When you are asked to give a presentation or a workshop, it is likely because you are a decent presenter, a content expert, or both. As a person with this skill set, it is likely your only job is not giving presentations on this subject and presentations take time and money to develop. Maybe you should just wing it. Continue reading
One of my favorite topics to design and deliver is presentation skills. When people present better, they have the opportunity to change the world.
Over the past few years, as I reflect on these sessions, I’ve begun to question the value. Is a presentation skills or train the trainer session worth the investment of time and money? Too often, when I peek in on what people are doing after attending such a session, I would have to say: no, the investment of time and money wasn’t worth it. Continue reading
What would you do if you were in a technical training being led by SMEs and suddenly, out the window, you spy a monkey being led around on a leash? Would you…
- Ignore the monkey and stay 100% focused on the technical content being shared
- Stare out the window wishing you could trade places with the monkey
I’ve attended many technical training sessions, and personally, I would often choose “2”, wishing I could be doing anything else, anyplace else in the world… even if that meant I was a monkey being led around on a leash.
A funny thing happened last week when I was in Delhi for a 2-day training workshop. A guy walked by the window with a monkey on a leash. Nobody paid any attention to what was going on outside. The class remained 100% engrossed in the technical training at hand. I was impressed with the way these SMEs facilitated the session, and humbled by the effort they put into this workshop, from the design to the wrap up.
Building a New Kind of Learning Experience
Going into the planning phase, these SMEs gave me all the time that I asked for as I requested meetings to plan this session out.
We knew that we’d need to overcome a significant language barrier in order to deliver the content. We only speak English. Many of our participants preferred Hindi or other local languages. I suggested we avoid lecture as much as possible (even though lecture can constitute significant chunks of this training program when delivered in the US) and instead use small group discussions and activities. This design would allow the audience to see and experience the content, processing it in the language with which they were most comfortable.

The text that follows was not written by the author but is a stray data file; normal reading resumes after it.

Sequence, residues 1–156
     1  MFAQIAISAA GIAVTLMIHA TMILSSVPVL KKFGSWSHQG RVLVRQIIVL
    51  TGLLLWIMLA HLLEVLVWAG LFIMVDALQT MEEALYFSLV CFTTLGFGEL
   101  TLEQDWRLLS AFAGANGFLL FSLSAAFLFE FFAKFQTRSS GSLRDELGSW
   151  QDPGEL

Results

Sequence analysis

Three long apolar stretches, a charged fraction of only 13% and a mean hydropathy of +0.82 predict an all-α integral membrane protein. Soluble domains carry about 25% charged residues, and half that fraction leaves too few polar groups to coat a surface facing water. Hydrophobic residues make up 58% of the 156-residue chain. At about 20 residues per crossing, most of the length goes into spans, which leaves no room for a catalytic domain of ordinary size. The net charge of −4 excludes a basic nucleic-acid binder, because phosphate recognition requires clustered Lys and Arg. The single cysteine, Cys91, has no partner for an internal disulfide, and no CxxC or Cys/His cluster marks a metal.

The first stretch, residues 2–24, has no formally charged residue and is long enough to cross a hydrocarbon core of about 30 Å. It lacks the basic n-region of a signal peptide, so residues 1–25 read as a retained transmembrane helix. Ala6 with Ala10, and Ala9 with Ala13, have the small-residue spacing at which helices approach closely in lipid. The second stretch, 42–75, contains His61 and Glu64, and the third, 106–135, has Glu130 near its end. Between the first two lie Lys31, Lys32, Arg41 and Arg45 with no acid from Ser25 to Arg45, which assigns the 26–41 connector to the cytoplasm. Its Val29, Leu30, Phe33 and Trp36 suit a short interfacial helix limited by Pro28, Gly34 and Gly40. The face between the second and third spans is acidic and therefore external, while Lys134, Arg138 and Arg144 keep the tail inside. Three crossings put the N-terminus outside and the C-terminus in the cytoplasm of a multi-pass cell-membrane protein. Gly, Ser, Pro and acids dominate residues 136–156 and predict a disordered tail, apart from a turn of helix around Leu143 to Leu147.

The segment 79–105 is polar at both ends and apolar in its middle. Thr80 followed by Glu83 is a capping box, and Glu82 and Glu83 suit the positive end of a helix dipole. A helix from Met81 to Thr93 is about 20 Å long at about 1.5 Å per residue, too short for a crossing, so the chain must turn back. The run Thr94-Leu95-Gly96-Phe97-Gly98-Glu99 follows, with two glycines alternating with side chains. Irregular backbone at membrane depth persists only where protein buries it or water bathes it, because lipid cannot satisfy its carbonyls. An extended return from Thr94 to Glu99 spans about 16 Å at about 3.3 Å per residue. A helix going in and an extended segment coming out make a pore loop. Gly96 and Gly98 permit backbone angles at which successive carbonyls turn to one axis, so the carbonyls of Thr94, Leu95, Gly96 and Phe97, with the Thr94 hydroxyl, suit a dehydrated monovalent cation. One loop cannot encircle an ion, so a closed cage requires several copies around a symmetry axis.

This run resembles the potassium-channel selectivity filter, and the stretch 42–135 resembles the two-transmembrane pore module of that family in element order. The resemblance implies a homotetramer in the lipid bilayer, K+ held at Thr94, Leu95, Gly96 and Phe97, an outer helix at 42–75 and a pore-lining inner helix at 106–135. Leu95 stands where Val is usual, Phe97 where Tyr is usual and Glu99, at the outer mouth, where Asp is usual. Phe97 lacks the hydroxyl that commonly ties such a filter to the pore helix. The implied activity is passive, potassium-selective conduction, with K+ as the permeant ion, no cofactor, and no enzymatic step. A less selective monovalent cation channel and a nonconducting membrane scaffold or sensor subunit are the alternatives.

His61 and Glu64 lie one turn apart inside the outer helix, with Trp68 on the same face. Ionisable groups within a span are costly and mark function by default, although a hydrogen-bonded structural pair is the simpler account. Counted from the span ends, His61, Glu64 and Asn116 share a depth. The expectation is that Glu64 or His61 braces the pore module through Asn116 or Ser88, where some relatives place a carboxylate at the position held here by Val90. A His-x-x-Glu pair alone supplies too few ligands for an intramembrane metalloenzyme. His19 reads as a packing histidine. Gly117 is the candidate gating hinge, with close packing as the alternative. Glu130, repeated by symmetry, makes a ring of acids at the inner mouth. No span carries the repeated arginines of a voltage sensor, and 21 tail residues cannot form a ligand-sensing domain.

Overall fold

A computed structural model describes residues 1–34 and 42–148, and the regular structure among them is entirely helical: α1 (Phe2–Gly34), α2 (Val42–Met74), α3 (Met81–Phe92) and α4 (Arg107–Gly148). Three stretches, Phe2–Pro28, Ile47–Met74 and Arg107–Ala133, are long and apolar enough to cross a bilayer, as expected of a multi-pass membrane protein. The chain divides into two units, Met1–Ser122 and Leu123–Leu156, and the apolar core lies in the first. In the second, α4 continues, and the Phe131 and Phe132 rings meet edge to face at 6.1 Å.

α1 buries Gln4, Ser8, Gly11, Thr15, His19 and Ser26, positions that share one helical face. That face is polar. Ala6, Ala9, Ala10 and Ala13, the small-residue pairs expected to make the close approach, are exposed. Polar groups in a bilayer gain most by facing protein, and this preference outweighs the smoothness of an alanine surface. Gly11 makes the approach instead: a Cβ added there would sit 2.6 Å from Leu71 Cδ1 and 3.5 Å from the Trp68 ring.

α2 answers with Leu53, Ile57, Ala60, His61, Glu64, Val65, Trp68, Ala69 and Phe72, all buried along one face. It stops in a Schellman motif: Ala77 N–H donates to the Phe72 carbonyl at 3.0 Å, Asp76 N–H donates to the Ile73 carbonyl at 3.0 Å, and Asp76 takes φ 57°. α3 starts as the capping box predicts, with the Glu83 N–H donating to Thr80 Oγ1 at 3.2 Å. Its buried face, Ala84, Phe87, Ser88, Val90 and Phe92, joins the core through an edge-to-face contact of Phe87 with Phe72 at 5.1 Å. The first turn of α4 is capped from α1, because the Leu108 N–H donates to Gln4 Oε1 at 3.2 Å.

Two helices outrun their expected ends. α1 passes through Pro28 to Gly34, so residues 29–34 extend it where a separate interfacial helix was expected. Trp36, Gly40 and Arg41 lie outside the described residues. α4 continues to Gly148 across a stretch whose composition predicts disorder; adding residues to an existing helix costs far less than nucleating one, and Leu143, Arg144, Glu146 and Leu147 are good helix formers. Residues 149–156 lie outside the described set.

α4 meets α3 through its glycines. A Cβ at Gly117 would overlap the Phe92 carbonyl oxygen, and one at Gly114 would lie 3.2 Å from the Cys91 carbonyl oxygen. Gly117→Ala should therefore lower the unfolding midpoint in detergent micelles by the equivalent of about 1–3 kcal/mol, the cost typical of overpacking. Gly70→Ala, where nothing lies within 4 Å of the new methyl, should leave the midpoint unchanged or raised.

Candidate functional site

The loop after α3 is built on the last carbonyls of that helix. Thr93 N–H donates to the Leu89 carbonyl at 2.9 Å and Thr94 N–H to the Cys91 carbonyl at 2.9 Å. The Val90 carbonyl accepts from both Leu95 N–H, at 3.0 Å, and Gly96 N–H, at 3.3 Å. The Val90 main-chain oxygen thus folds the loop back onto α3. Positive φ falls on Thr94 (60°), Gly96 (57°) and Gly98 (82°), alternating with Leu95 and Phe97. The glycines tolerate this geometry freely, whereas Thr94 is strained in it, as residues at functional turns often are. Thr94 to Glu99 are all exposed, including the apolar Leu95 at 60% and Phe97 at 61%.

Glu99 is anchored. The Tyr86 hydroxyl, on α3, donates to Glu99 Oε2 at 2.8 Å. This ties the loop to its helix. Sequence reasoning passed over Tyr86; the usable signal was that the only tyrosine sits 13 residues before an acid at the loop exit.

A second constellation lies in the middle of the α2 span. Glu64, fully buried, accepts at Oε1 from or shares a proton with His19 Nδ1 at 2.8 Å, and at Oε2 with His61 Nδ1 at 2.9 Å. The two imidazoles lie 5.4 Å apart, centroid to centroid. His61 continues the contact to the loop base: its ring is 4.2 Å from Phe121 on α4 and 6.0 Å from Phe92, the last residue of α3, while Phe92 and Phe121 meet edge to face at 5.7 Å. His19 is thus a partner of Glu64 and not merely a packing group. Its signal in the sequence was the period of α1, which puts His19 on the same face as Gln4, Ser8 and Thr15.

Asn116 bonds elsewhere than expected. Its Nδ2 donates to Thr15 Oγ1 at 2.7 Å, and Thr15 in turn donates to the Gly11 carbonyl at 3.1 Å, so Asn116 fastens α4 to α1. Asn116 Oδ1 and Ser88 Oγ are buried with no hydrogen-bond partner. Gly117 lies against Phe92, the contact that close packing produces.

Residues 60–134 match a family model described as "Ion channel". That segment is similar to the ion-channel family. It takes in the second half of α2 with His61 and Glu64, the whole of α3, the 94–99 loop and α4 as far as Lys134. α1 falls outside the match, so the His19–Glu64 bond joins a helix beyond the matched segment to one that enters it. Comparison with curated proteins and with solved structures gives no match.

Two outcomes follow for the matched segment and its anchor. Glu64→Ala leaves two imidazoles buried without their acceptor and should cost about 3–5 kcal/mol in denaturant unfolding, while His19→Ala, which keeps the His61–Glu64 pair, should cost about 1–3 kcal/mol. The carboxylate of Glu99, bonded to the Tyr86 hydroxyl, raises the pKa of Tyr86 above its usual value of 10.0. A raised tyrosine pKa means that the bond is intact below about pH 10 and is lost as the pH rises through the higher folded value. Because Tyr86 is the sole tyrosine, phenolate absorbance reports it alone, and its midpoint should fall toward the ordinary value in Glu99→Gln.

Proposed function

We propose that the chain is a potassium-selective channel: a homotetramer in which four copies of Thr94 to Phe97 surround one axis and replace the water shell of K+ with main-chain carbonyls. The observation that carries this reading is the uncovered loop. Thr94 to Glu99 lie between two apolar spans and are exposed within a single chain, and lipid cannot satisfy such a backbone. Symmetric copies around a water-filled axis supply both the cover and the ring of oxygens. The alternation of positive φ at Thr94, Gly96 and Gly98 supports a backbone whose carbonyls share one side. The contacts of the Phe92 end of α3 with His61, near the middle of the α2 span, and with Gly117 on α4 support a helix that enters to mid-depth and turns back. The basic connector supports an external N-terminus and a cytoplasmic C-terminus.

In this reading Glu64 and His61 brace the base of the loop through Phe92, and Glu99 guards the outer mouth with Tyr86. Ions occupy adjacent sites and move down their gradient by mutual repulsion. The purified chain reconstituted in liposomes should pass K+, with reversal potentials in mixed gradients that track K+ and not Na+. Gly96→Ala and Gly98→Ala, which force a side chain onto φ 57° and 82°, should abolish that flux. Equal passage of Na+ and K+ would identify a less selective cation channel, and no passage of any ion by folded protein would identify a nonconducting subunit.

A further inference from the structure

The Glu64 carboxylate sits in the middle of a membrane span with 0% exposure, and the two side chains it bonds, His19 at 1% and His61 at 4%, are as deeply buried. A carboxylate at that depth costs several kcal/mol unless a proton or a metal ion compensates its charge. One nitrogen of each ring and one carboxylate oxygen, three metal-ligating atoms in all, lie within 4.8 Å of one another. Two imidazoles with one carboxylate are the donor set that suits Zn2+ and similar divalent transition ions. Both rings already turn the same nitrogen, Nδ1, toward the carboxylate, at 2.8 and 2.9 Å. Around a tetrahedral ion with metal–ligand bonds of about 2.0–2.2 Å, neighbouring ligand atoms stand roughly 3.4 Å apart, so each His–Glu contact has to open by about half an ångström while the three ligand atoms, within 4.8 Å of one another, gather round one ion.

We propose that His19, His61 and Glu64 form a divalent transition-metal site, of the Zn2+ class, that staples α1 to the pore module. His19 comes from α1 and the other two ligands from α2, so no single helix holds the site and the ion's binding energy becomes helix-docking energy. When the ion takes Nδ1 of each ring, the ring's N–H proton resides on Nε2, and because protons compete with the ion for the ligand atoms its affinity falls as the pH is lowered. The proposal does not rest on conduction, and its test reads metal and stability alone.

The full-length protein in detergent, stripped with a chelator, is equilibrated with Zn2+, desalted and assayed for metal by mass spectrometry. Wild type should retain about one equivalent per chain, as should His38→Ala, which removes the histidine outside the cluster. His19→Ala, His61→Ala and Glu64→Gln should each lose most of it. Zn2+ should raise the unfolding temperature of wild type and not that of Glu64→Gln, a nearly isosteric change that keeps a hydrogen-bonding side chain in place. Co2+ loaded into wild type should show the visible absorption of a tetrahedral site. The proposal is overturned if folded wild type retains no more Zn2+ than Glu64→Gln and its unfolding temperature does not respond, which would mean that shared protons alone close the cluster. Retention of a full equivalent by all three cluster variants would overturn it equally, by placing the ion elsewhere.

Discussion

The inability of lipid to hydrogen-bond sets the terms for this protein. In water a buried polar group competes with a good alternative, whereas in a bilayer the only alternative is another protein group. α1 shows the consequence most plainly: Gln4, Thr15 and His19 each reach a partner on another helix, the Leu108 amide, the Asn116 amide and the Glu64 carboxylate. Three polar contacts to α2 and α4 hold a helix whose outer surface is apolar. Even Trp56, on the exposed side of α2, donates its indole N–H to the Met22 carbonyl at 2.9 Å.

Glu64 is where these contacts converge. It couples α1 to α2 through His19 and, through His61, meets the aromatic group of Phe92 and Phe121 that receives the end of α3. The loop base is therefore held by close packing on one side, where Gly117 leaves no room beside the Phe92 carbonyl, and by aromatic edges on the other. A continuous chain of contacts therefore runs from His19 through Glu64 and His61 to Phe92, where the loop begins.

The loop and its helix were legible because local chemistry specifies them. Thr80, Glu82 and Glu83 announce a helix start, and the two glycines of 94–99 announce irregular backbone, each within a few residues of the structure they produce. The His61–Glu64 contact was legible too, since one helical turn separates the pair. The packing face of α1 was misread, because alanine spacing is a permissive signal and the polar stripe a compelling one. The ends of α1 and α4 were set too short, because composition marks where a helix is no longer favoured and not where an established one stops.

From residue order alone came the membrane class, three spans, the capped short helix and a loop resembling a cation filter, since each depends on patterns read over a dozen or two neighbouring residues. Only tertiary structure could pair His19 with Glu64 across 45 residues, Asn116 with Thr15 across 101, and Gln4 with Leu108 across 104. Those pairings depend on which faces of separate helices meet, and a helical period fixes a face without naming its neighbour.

There were no protests from the SMEs when I showed them a first draft of this program that had reduced the number of slides we’d use from 86 (based on the US version) to 0. To my great surprise, these SMEs could have cared less about PowerPoint.
Forgoing All Others
I’ve struggle in the past with getting SMEs to take preparation and presentation rehearsal seriously. I’m often told by SMEs that they’re too busy to rehearse a presentation and that they know the material well enough to deliver it with fluency.
As we began to make travel arrangements, this set of SMEs readily agreed to leave the comfort of their homes and the loving embrace of their family members (not to mention the loads of work that began to pile up on their desks) in order to arrive in Delhi a day early and walk through the entire set of lesson plans for the 2-day training session. They wanted to ensure the learners would be given the best experience necessary.
We began the session a little late on the first day, which meant we were behind on the agenda immediately. Instead of insisting that every last word in the lesson plan was essential and continuing to run more and more behind on the schedule, the SMEs identified areas that could be condensed or cut or assigned as homework in order to get back on schedule by the end of the day.
The Ideal SMEs?
In the end, it was clear that the SMEs I worked with on this training program were most passionate about the learners’ experience and the outcomes of this training.
While many SMEs that I work with put their content first (or sometimes their egos come first, then their content), these SMEs put the learners first. As I reflect on this experience, I’m hoping to figure out a way to bottle their attitude and bring it to future projects with other SMEs.
Their attitude and effort did not go unrewarded. Apparently I have a reputation for being intense and very serious, especially when it comes to training. In appreciation of their effort and attitude, I was willing to briefly put my intense, serious nature on hold one evening and give them a glimpse of a different side of my personality. It was only an instant, and don’t expect me to do it again. I allowed them to capture that one instant on film.
Ok, enough of that. This is called the Train Like A Champion blog for a reason. It’s time to get back to work on our next project and kick some more training ass!
Michael Jordan was the best basketball player on the planet. Yet he’s proven to be a mediocre (at best) team owner. Similarly, subject matter experts can be the smartest people in their field. But training is about more than expertise. The following tale illustrates how people responsible for training results can make the most out of subject matter experts who are unfamiliar with instructional design and adult learning principles.